Do you know your asterisms from your constellations? Don’t worry if not. You will learn the key difference in this Crux constellation guide. We cover everything to do with the smallest constellation in the sky, and one that the Greeks forgot to mention – right here.
We will even tell you how to see the Crux constellation from the UK. Let’s shoot on!
Ancient Greek peoples considered the Crux constellation as part of the Taurus constellation. This is evidenced in Claudius Ptolemy’s famous Almagest written in the 2nd century. His work was a recording of the constellations, but in it, Crux is not mentioned. Instead, the stars of Crux are labelled within Taurus. This is why there is no known Greek mythical figure associated with the Crux constellation.
Nevertheless, the Crux constellation – which is sometimes called the southern cross – has significant importance to peoples in the Southern Hemisphere. The famous Machu Picchu area in the Andes mountains is home to a historic stone carving of the Crux constellation. In Australian aboriginal astronomy, part of the constellation is used to create an Emu and the cross features on the national flag. Whereas in Brazil, the constellation gets an honorary mention in its national anthem – and is also seen on the national flag.
It appears that the crux constellation was not as recognised or treasured in countries in the Northern Hemisphere as it was in the south. This has resulted in fewer (European) mythologies associated with it.
Within the Crux constellation is an asterism. An asterism is an easily recognised shape or image made by the stars – not the same as a constellation. The Crux constellation includes a cross asterism made up of four stars, although a fifth star is often added. It should be said that this cross is not the constellation as a whole, only part of the constellation. The Crux constellation contains tens of main stars while this cross is just a segment of those stars. This is why some people call it the cross constellation or the southern cross.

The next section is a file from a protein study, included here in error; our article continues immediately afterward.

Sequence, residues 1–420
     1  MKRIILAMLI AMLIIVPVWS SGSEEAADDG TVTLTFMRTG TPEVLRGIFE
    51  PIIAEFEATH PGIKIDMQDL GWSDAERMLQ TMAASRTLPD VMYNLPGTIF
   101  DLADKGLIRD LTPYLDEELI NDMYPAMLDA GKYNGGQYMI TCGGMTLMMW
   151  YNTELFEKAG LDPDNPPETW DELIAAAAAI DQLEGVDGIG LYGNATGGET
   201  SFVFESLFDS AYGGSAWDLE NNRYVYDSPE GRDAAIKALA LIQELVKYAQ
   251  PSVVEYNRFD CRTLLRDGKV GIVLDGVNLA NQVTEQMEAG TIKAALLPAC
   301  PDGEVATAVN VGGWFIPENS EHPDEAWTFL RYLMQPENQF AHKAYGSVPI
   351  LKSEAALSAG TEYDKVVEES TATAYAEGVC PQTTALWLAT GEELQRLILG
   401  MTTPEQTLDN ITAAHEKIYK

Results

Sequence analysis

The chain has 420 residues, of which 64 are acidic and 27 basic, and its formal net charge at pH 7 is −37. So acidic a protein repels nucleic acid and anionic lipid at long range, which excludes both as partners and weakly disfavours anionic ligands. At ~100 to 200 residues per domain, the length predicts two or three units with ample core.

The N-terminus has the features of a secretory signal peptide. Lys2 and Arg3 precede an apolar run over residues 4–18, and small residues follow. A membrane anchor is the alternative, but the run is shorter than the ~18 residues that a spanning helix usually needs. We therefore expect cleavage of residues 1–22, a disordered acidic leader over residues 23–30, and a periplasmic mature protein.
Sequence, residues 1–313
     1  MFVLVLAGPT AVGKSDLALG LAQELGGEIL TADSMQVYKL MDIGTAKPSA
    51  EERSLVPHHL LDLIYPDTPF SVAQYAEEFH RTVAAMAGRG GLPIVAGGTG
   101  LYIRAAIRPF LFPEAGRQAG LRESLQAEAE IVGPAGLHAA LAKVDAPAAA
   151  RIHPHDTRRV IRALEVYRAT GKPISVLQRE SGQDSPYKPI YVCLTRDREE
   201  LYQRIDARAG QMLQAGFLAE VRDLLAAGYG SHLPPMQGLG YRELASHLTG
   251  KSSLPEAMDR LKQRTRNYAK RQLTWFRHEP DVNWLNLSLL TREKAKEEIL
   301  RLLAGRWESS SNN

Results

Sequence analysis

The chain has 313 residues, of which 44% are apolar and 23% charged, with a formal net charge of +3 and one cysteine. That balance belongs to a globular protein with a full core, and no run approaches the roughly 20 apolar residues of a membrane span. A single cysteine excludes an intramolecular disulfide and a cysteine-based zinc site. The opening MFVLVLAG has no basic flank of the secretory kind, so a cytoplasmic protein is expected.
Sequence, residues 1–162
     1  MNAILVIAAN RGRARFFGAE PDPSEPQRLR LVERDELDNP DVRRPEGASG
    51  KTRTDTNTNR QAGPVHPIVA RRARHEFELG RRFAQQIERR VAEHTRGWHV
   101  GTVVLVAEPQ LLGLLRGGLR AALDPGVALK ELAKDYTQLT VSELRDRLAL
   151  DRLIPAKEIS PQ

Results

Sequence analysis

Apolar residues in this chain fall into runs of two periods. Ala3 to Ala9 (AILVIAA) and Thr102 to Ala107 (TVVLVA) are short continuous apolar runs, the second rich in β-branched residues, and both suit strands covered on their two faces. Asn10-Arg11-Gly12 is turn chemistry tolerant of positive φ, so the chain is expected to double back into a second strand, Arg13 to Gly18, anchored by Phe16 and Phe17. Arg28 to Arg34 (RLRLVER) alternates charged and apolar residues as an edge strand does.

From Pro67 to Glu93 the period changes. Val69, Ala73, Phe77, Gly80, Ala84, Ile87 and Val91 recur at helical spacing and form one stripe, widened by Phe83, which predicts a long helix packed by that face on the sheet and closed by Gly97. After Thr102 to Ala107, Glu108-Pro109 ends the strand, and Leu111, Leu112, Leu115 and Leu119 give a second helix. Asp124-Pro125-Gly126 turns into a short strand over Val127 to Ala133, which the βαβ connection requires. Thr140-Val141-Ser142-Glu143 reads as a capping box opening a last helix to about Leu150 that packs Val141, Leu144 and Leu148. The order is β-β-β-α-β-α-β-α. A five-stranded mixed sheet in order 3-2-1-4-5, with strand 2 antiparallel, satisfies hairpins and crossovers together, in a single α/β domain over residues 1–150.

Nevertheless, the main stars of the Crux constellation are the ones that make up the cross asterism. These are the brightest stars of the constellation. The brightest of them all is called Acrux. This is the star you can find on many national flags, and it represents some states in many countries. The other stars that make up the cross asterism are called:
The Crux constellation is the smallest of the 88 modern constellations recognised today. It measures in at just 68 square degrees. The Taurus constellation wraps around Crux on three of its boundaries, which is probably why the Greeks used to class these stars as part of Taurus.
To be more scientific, the Crux constellation is situated in the Southern Hemisphere’s third quadrant (SQ3), making it visible between latitudes of +20 and -90 degrees. The other nearby constellation to Crux is called Musca, which means fly in Latin.
If the Crux constellation is in the Southern Hemisphere, does that make it not visible from the UK? The answer is no. There are still times of the year when you can see the cross constellation from the UK – but you need to know when to go searching for it.
You will be able to see the Crux constellation in May if the sky is clear and you get into a good position. This means escaping the bright city lights or any other urban light pollution. Because the cross asterism stands out, this constellation can be found by novice stargazers easily.
If you miss your chance, there are plenty of constellations visible from the UK all year long. Check out our other constellation guides to see what else you can see in the UK sky.
It is not possible to say how far away the Crux constellation, or even just the cross asterism, is from Earth. Constellations are made up of many stars and it would be incredible luck if all of these stars were the same distance away. Most stars are great distances from each other, but this can be difficult to understand because stars can look really close to each other.
For example, the four stars most often associated with the cross asterism are 321, 353, 264 and 345 light years away from Earth. Some stars can be even greater distances from each other, up to hundreds of light years apart.
Do you know the other flags which boast the cross asterism of the Crux constellation? Learn these and other constellation facts below.
Looking for constellations that include an asterism is a lot of fun. You can make your stargazing adventures even more awesome by naming the stars after your friends, family or special someone.
Learn how to name a star at the Star Name Registry! – and you may just become a star in someone else’s eyes!